Trigger warnings: The Siren has mentions sexual assault, domestic abuse, and drug addiction. This review briefly discusses it.

The second novel by The Lion’s Den author Katherine St. John is an exciting thriller set on an idyllic Caribbean island, where a film crew sets up to shoot a promising hit called The Siren. In the weeks preceding a devastating storm, three women grapple with their pasts, uncover disturbing secrets, and attempt to find justice in an industry that is designed to protect powerful men.

The novel describes the events that take place behind the scenes of the film. It follows Taylor, a movie executive who was fired from her old job under mysterious circumstances and is hired to work on The Siren as a producer.

There is also Stella Rivers, a former Hollywood sweetheart who has struggled with addiction to pills and alcohol for years while at the center of a string of very public scandals. She took an offer for a role in The Siren in hopes of reviving her career. Stella’s assistant is Felicity, a young woman whom the actress depends on for everything, and who harbors dark secrets of her own. The film is paid for by actor Cole Power, Stella’s ex-husband, who also owns the island, while his son Jackson serves as the director.

The Siren plays out like a soap opera set in a tropical paradise. The book is interspersed with snippets of tabloid articles, Instagram posts, and interviews that shed light on the public personas of the characters. The point of view switches between Taylor, Stella, and Felicity as their stories intertwine and they are forced to reckon with a common enemy. In the same vein as The Seven Husbands of Evelyn Hugo, another novel that glimpses into the ugly side of Hollywood, the narrative switches between the past and present to build up to the moment where a certain protagonist’s intentions are finally revealed.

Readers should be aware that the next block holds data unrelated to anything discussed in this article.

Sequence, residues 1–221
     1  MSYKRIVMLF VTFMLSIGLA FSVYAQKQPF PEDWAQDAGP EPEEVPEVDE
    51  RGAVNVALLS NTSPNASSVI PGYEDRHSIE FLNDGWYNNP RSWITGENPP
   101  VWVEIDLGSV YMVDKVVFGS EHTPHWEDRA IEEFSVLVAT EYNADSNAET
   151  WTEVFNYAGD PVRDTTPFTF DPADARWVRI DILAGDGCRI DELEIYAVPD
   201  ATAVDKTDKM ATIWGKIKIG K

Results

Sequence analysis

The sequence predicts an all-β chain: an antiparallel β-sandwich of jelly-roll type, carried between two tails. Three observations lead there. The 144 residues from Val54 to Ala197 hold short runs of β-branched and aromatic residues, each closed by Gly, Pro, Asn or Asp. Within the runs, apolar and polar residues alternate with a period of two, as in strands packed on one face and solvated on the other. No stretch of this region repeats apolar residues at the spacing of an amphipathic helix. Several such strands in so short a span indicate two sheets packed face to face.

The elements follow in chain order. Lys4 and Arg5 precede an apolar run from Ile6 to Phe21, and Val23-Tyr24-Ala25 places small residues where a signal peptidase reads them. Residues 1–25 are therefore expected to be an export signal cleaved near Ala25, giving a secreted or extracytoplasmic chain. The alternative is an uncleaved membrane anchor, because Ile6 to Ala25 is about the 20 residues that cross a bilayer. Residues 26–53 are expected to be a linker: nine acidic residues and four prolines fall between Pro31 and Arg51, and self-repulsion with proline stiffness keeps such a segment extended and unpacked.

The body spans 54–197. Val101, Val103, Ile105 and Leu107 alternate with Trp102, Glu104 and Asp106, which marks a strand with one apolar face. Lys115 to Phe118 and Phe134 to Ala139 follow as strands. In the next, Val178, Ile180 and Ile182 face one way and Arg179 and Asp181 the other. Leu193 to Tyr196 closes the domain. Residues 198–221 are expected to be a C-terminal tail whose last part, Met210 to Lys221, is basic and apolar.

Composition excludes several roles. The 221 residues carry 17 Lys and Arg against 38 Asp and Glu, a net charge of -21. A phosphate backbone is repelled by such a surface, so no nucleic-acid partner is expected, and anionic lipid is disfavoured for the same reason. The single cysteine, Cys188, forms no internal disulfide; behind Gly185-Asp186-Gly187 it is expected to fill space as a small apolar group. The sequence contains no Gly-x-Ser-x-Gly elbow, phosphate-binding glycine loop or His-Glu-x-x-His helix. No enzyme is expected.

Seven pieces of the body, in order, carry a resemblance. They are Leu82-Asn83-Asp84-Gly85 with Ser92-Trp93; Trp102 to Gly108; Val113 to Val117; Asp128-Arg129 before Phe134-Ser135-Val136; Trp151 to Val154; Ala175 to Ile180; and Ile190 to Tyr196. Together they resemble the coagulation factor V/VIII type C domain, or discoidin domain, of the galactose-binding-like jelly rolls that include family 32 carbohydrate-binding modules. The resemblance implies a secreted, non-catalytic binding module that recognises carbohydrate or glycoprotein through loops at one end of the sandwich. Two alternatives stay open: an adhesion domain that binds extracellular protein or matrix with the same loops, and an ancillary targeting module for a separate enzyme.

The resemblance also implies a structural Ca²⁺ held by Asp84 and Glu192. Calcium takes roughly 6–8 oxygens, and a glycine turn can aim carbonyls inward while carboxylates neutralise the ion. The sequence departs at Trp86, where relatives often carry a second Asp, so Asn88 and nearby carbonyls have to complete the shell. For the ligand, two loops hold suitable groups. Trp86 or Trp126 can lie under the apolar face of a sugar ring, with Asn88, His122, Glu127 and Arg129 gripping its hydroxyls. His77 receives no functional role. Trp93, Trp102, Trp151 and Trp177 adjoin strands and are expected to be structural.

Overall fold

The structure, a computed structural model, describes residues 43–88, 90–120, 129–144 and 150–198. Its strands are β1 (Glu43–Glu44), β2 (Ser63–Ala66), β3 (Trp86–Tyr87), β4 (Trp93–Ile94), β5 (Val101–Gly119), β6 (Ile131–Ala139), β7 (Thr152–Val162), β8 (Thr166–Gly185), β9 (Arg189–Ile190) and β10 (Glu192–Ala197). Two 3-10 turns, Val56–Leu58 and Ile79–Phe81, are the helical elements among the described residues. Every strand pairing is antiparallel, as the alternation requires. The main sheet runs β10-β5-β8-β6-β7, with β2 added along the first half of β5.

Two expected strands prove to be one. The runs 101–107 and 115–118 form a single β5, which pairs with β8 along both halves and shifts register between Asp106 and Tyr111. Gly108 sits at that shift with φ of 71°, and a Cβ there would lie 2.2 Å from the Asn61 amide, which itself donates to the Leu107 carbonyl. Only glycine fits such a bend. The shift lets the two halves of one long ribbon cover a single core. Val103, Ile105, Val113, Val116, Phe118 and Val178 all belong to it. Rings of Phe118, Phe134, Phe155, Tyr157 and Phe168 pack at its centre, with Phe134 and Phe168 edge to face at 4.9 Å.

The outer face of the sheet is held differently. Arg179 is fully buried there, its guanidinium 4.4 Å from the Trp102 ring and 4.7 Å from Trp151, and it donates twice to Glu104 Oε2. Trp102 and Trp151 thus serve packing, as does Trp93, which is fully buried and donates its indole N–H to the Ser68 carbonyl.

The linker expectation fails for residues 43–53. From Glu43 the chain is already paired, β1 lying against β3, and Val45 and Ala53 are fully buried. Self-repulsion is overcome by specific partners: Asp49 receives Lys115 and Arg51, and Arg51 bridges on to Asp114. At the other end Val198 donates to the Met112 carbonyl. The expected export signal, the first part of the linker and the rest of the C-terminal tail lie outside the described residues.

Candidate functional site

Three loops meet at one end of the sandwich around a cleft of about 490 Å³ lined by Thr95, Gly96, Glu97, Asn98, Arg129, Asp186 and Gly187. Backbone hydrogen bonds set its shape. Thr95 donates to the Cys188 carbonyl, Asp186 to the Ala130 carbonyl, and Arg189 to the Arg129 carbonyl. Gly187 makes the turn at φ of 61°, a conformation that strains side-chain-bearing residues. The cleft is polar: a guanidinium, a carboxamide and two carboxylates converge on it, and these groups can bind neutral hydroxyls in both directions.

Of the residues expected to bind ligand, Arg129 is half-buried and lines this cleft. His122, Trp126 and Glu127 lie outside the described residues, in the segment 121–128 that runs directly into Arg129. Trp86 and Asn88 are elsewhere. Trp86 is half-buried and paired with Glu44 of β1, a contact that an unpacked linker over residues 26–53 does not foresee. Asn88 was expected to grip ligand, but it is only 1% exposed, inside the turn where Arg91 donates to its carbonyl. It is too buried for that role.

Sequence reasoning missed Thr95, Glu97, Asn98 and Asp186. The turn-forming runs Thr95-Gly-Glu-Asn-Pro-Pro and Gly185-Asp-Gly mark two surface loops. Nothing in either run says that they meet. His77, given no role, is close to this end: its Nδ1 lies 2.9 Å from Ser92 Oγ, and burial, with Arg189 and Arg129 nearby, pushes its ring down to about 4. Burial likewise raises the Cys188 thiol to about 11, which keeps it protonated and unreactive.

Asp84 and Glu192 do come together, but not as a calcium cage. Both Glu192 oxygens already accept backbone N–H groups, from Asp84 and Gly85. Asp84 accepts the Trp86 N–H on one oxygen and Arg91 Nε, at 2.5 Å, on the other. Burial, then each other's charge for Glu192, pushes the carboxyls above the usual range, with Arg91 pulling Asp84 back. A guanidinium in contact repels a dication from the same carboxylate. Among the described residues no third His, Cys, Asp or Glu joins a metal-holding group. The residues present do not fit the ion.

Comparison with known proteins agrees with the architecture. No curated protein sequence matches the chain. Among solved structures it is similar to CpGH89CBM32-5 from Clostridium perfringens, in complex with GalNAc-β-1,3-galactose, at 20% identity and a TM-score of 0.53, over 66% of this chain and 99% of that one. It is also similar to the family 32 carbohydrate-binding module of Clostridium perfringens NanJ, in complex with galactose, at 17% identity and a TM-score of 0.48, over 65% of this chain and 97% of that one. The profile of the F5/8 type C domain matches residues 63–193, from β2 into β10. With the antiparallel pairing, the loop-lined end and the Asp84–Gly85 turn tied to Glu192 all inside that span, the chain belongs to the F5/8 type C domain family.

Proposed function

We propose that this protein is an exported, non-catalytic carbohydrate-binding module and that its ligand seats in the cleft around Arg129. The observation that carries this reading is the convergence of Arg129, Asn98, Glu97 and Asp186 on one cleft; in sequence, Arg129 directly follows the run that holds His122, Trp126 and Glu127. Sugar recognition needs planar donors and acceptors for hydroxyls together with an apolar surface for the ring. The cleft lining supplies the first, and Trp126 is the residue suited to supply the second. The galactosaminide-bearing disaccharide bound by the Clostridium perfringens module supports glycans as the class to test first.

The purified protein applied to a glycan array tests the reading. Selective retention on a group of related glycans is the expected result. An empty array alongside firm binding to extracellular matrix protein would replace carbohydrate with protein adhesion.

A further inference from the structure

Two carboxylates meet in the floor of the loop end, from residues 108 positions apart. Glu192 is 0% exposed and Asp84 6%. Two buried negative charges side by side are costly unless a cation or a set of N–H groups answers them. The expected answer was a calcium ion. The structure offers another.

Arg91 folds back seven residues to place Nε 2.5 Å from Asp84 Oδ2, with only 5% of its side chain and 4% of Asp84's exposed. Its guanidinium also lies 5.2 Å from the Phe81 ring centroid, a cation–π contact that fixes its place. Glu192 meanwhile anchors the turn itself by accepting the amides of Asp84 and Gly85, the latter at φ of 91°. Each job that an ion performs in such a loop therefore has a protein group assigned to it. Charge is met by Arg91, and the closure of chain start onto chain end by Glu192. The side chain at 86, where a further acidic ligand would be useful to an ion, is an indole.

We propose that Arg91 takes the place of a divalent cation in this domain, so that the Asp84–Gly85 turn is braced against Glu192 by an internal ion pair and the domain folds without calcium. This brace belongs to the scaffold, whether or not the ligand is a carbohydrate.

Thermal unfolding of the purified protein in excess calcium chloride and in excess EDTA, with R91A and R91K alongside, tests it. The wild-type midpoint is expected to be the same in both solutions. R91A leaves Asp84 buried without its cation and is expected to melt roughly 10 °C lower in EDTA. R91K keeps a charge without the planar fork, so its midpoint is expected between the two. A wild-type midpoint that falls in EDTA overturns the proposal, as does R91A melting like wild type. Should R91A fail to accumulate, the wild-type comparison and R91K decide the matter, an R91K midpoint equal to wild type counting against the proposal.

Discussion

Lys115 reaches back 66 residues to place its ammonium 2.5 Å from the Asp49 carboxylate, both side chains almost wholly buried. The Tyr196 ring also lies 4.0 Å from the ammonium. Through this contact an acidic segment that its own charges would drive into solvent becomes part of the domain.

The overarching theme in this novel is vengeance. Felicity is the eponymous ‘siren’ of the novel. In Hollywood lingo, a siren is the equivalant of a femme fatale. In Greek mythology, it is a mythical female creature who lures men to their deaths. This is a more accurate character description, something you will find out over the course of the story. Felicity is the central character, and early on, her chapters build up the potential for a satisfying revenge fantasy. The other characters have no idea where Felicity came from, or why she seems familiar to them. This setup is deliciously enticing and kept me hooked right from the beginning.

You will be drawn in by the pure escapism that comes from reading about the antics of unlikeable rich people, but it will become clear early on that this is not the whole story. This book touches on real topics very relevant to the world of Hollywood: the #MeToo movement, sexual misconduct, and abuses of power. Without giving too much away, all three women have stories about their lives being derailed by powerful men, and how difficult it is to speak up when the person who victimized you holds all the cards.